I, like I imagine most players do, tend to approach games with my hero-goggles firmly in place by default. It’s not an assumption that gets challenged often, but when it does, the effect can be powerful. And I’ve never seen a game subvert the hero fantasy as poignantly as Outer Wilds does.
As you play, you soon learn that what you thought was your goal — to prevent the sun’s explosion and save your world — is impossible, and has been impossible since the beginning of time. But Outer Wilds gently leads you away from the easy comfort of despair. It says, no one can take away your journey. It says, have this moment, here in the quantum dark, around a campfire with your friends. It says, lay down the burden of your expectations — the future was never yours to own.
The expansion, Echoes of the Eye, adds richness to this dying universe’s lore, and to its message. In it, you travel around a ring world’s central river on a small, exposed, and slightly unwieldy raft, a mechanic that confronts you almost immediately once you enter the Stranger. And when you set off, Andrew Prahlow’s award-winning soundtrack rises to the fore, keeping you company on your travels.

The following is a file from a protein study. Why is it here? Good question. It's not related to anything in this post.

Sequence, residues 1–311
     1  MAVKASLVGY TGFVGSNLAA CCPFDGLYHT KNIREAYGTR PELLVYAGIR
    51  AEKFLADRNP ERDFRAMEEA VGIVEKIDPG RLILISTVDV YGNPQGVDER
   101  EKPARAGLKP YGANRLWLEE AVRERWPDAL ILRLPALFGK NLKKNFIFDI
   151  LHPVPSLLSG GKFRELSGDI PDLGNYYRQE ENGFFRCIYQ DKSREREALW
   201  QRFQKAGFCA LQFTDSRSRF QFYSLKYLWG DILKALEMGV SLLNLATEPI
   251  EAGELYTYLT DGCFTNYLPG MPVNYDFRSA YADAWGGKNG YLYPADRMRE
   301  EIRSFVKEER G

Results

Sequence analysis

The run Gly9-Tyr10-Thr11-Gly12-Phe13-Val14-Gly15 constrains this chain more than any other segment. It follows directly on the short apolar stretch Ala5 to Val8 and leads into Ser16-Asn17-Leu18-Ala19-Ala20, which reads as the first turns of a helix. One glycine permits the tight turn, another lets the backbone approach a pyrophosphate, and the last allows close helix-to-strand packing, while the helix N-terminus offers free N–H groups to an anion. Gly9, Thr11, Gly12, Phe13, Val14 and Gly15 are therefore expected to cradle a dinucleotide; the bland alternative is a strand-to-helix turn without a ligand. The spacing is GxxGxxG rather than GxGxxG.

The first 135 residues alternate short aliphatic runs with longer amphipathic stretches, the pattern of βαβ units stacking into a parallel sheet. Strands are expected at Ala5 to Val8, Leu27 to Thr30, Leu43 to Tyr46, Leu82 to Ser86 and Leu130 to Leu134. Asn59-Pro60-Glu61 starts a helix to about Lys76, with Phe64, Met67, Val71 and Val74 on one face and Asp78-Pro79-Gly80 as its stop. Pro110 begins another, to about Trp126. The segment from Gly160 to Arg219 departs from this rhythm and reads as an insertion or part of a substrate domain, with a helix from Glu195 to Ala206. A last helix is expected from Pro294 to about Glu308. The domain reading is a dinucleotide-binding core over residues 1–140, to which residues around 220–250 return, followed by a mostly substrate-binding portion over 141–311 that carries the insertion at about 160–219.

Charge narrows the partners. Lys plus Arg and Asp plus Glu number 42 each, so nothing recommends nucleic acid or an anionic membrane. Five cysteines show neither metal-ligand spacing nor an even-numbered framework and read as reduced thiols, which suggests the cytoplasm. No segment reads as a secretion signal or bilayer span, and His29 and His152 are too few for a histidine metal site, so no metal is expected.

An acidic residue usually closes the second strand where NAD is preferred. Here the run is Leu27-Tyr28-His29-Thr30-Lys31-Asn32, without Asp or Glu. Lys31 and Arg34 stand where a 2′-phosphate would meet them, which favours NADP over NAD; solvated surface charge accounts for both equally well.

It’s with good reason that rivers are a frequent metaphor for the onward march of time. Echoes’ river splits and merges, swirls and eddies, but ultimately draws you ever forward — a fact that’s brought home emotionally by Prahlow’s propulsive, yearning music. All these elements combine to center you on your metaphorical raft, riding the river of reality, as your universe slides toward its end around you. Bear witness, the game seems to say, because no one steps in the same river twice. It is not the same river, and you are not the same person.
Image credit: Jay Castello